Gunmen on July 11 killed Samarra Mayor Abd al-Hamid Salah in his home, the independent Voices of Iraq news agency reported. Local police sources said a group of armed men stormed Salah's home in the Al-Siqaq neighborhood in central Samarra, shot him dead, and quickly fled. Salah became mayor in May, after the Salah Al-Din governor removed his predecessor. One of Salah's responsibilities was to coordinate the rebuilding of the Al-Askari mosque, a revered Shi'ite shrine, with international humanitarian organizations. The shrine was severely damaged in attacks in February 2006 and on June 13 (see "RFE/RL Newsline," February 22, 2006 and June 13, 2007). SS

U.S. military spokesman Brigadier General Kevin Bergner said during a July 11 news conference that he expects Al-Qaeda in Iraq to carry out "spectacular attacks" in response to recent U.S.-led military campaigns that have severely disrupted its operations, international media reported. He noted that 26 Al-Qaeda in Iraq leaders were either killed or captured in May and June. "Over the past two months our collective efforts against the Al-Qaeda leadership have begun to disrupt their networks and safe havens," Bergner said. "We fully expect Al-Qaeda in Iraq operatives to lash out and stage spectacular attacks to reassert themselves," he said. Bergner made the comments after a massive suicide truck bombing at a market in the northern town of Tuz Khurmato on July 7 that killed 150 people and wounded more than 240 (see "RFE/RL Newsline," July 9, 2007). While no group has taken responsibility for the attack, U.S. and Iraqi officials suspect Al-Qaeda-linked militants. The attack has been described in many media outlets as one of the worst since the U.S.-led invasion of Iraq in 2003. SS

Iraqi national security adviser Muwaffaq al-Rubay'i, speaking on July 11 after talks with Saudi officials in Jeddah, praised Saudi Arabia's continuing efforts to support Iraq's stability and sovereignty, state-run Al-Iraqiyah television reported. Earlier, al-Rubay'i held talks with his Saudi counterpart, Prince Bandar Sultan, and Saudi Interior Minister Prince Nayif Bin Abd al-Aziz. Reports indicated that the three men focused on ways for Riyadh and Baghdad to better coordinate and exchange intelligence information to prevent future terrorist attacks. Before the visit, al-Rubay'i stressed that Iraq and Saudi Arabia face the same challenges in fighting terrorism. "Al-Qaeda does not threaten only Iraq's security but also the security of the Kingdom of Saudi Arabia and the security of the region in general," al-Rubay'i said. "Therefore, there are common interests between us and the kingdom that prompt us to coordinate [on] security issues and intelligence issues so as to fight Al-Qaeda and defeat it, particularly in Iraq and in the region in general." SS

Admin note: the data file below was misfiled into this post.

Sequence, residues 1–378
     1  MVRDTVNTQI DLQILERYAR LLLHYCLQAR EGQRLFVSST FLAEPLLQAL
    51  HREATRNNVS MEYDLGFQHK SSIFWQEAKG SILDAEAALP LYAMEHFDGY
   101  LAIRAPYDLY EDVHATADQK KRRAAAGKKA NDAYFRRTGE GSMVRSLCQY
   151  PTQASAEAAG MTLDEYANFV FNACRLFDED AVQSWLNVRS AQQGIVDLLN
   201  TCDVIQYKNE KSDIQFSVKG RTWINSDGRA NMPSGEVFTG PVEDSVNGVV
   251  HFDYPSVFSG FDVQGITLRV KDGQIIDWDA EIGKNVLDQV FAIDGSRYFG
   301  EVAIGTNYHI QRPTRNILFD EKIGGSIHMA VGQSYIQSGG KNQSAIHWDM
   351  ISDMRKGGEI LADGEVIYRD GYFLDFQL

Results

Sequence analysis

Interior Ministry spokesman Lieutenant General Abd al-Karim al-Khalaf announced on July 11 that Iraqi forces seized a truck carrying more than 200 belts rigged with explosives on the Syrian border, state-run Al-Iraqiyah television reported. He said the truck was driven by an Iraqi national and was stopped as it tried to pass into Iraq through the Al-Walid border point with Syria. He added that the driver was detained for questioning. Iraqi and U.S. officials have repeatedly accused Syria of allowing armed insurgents to cross the border into Iraq to stage attacks. They also contend that many former Ba'athist leaders, thought to form the backbone of the armed resistance, are currently based in Syria. Meanwhile, also on July 11, the Iraqi military announced that it killed 63 militants and detained 42 others in separate clashes in the previous 24 hours, KUNA reported. The military said most of the clashes and arrests took place during security operations in Salah Al-Din, Diyala, and Kirkuk Governorates. SS

Hannelore Marianne Krause, a 61-year-old German woman held hostage for more than five months in Iraq, was released on July 10, international media reported on July 11. Krause said her son is still being held hostage, and pleaded with the German government meet the demands of her son's captors. "I ask Germany to pull its troops out of Afghanistan. If it fails to do so, then my son will be slaughtered," Krause said in an interview with Al-Arabiyah satellite television on July 11. Krause and her son, Sinan, were abducted on February 6 by an armed group calling itself the Arrows of Righteousness. The group released a video of Krause and her son on April 4 and indicated that the two were abducted partly because she worked for the Austrian Embassy in Baghdad. The group contends that Austria is "hostile to Islam and Muslims" and its forces kill children in Afghanistan (see "RFE/RL Newsline," April 5, 2007). SS

Iraqi security sources say a U.S. helicopter opened fire in Mosul on July 11, killing four civilians and wounding 12 others, including several children, Xinhua reported. Mosul police chief Brigadier General Abd al-Karim al-Juburi confirmed the incident, saying it occurred in the city's central Al-Zangili neighborhood, but gave no further details. The U.S. military released a statement saying that one of its helicopters came under small-arms fire from the ground and was forced to defend itself. "Forces on the ground responding to the area reported that two people were killed in the exchange and seven children were wounded," the statement said. SS